Does Currency Devaluation Really Improve the Export Sector?

It is a near-unquestioned assumption of mainstream economic thought, that if a currency is devalued, the country suffering from the devaluation sees some benefits – namely that the export sector will see an improvement.

Why? It is said that this happens because exports become cheaper to nations dealing in foreign currencies, and imports become dearer, making the purchase of goods from abroad for a country’s citizens more expensive.

This part is true. If the value of the dollar goes down, ceteris paribus, then everything purchased from abroad becomes more expensive, because now more dollars are required to buy the same amount of foreign-made goods. At the same time, since dollars are worth less, foreigners buying American-made goods with their own currency can now buy the same goods for less; i.e. their foreign currency “goes further” than before.

Here’s where the mainstream economists stop thinking, and conclude that therefore, the export sector benefits because exported goods now have a competitive edge.

Shouldn’t have stopped thinking just yet.

Reason inflation doesn’t help exports No. 1

Unless the exporting company imports none of the inputs required to produce its goods, which in a globalized economy is nearly impossible to achieve, then the above rule applies equally to them, too.

Meaning that a company producing goods for export must now face more expensive material costs, and simultaneously lower real sales prices. Think about it: the costs of their inputs have just gone up, and the value of their outputs has fallen. In other words, their profit margin is getting squeezed from both ends.

The conclusion? Rather than manufacture goods in America for export to other countries, the businessmen will either move their factories abroad, or lose their profits and their competitive edge.

Reason inflation doesn’t help exports No. 2

If a business really wanted a competitive edge, it would lower its own prices, as they so often do. If the fall in real prices to foreigners is caused by devaluation, then it is not a voluntary method of competition, but rather them being forced to cut back on their profits thanks to government action.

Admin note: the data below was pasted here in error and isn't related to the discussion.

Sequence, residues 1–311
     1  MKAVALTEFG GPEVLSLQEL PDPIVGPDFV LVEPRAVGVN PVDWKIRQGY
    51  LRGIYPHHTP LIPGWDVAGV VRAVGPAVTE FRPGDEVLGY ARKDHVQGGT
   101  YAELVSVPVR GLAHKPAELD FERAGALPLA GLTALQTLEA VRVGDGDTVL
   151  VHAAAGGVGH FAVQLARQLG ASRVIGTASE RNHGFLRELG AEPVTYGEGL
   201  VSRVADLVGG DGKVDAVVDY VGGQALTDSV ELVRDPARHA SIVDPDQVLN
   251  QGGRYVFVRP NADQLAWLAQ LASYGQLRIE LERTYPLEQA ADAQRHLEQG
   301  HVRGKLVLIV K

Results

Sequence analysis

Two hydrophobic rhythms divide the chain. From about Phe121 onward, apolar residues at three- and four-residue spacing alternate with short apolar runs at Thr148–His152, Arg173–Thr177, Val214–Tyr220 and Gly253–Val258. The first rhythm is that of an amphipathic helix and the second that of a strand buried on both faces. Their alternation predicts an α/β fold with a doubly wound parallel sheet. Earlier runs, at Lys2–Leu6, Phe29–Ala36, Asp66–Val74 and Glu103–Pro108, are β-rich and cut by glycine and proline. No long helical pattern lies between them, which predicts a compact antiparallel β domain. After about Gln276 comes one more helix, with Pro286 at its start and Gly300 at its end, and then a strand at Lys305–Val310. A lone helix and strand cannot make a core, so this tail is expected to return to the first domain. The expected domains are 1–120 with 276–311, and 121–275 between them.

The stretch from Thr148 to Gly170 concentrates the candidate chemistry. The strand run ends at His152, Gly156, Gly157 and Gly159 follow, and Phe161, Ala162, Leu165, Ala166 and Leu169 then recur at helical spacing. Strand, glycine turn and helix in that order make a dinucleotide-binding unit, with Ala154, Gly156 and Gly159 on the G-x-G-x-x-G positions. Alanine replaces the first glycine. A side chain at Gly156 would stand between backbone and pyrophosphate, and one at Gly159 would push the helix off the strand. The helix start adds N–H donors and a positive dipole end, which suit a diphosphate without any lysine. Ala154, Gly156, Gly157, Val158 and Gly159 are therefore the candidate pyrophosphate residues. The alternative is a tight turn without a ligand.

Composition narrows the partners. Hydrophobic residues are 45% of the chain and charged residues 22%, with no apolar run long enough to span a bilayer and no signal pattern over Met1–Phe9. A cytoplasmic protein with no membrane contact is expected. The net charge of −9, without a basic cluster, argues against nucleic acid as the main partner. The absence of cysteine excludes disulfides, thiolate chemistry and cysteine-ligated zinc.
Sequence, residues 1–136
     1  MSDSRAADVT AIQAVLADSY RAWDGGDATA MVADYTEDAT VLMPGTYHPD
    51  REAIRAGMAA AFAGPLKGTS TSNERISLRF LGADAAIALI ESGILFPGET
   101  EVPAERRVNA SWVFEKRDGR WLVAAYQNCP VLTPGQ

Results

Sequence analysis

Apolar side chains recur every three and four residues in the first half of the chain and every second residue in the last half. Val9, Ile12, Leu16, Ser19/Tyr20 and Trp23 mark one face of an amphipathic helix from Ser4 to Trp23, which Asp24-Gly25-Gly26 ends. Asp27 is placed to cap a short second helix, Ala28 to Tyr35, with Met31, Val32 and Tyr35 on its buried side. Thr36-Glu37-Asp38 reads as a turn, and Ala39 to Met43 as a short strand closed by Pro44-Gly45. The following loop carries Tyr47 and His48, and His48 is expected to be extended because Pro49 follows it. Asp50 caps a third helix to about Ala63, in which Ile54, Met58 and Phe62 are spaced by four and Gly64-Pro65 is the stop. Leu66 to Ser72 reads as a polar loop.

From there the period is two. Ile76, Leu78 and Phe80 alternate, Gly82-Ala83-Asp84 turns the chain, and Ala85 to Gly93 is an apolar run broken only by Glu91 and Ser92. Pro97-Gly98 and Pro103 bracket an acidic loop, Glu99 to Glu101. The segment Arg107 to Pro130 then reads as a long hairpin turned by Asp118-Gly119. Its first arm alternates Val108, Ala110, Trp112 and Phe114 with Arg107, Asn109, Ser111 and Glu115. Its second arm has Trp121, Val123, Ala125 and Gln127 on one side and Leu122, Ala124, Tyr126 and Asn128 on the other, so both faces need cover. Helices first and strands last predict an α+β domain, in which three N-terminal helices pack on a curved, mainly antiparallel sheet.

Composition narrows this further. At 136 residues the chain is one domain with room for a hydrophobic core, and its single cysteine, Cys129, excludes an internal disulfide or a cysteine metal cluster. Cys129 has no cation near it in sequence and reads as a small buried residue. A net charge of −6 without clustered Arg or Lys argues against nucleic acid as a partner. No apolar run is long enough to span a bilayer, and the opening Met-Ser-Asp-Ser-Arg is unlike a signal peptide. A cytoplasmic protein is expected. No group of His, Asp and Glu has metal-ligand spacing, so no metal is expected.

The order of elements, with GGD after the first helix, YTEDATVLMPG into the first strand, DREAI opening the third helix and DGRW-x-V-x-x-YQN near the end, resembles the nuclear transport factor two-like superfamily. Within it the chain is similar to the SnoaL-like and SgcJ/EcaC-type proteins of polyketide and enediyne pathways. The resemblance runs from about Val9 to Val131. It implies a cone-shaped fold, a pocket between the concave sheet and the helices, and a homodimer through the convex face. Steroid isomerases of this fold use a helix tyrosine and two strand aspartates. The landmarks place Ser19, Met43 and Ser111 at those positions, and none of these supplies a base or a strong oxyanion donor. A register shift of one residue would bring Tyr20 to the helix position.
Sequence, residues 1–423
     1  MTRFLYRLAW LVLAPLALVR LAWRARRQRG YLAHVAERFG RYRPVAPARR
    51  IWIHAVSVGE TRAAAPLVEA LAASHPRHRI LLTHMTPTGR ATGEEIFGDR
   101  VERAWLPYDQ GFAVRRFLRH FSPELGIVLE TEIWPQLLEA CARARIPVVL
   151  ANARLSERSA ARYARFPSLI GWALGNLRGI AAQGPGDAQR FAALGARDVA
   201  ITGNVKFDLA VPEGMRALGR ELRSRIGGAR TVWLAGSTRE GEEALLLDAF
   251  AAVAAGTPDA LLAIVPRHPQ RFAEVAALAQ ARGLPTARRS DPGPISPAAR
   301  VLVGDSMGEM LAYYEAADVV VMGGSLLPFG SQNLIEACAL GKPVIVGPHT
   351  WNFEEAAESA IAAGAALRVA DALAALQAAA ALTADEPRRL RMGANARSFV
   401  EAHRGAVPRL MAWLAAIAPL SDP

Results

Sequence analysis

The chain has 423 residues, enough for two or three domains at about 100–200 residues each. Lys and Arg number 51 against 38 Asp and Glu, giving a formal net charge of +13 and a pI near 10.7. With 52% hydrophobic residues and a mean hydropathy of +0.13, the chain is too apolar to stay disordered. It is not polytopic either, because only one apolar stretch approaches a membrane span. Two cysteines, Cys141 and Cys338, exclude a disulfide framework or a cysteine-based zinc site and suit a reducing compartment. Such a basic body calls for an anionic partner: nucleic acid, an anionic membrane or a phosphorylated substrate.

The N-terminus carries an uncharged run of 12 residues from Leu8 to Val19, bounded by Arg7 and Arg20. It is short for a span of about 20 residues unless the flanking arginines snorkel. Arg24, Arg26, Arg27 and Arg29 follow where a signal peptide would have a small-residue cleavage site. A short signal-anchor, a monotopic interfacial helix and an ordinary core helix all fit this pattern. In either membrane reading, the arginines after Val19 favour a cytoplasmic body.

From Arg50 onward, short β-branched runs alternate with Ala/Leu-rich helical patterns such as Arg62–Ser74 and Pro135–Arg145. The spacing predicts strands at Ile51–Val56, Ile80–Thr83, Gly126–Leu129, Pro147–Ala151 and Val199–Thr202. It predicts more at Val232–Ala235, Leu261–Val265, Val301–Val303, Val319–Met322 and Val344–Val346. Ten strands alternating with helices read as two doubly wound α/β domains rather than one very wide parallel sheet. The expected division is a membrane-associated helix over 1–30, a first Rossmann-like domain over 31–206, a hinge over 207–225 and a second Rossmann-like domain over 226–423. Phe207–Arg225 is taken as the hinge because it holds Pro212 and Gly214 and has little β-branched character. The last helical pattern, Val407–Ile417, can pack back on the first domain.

This is why the trade deficit is most readily rectified during a major recession – even though its a deflationary period.

Despite these very simple theoretical failings, the mainstream economic dogma about inflation boosting the export industry continues, both in classrooms and in the news. They even have a name for it: “competitive devaluation”.

Now you know its bunk. And it continues to be propagated for political reasons – the government and the central bankers need a justification for their actions, which would in any other circumstances be viewed plainly as counterfeit and stealthy theft.

The key to a strong export sector is to not mess around with the currency, not burden businesses with regulations, and not steal money from them through taxation. Then there will be plenty of exports, and plenty of jobs.

2 thoughts on “Does Currency Devaluation Really Improve the Export Sector?”

  1. ConcernedCitizen

    What an interesting article. I thought I was the only one who noticed such things. Doesn’t it also stand to reason that an exporter who is getting paid in devalued currency doesn’t actually receive increased purchasing power, just more currency, because it is devalued? If we devalue our currency by 1/2, we can move twice as many cars, for example, receiving twice as much currency, but the currency will only have as much purchasing power as before (2 * 1/2 = 1) because it has been devalued by half. So, we are now doing twice as much work to receive the same reward as before. How is that “competitive”?

    1. That’s exactly right – inflation and devaluation only benefit a very specific group of people. The people who get to use the money first, before the prices have had time to adjust to the new money. Usually that’s the bankers making the loans, and the first borrowers. By the time the price structure has adjusted – everyone loses out.

      Even worse is the fact that the uncertainty of the future value of a currency causes people to make bad business decisions. If an investment today requires $10 million, and a year from now the expected revenues are $12 million, the entrepreneur must still account for the rate of inflation, and since that’s uncertain – he now has to face a higher risk. Because that future $12 million might be worth less than today’s $10 million.

      In the end, all of these so-called justifications are just ideological cover for legalized counterfeit.

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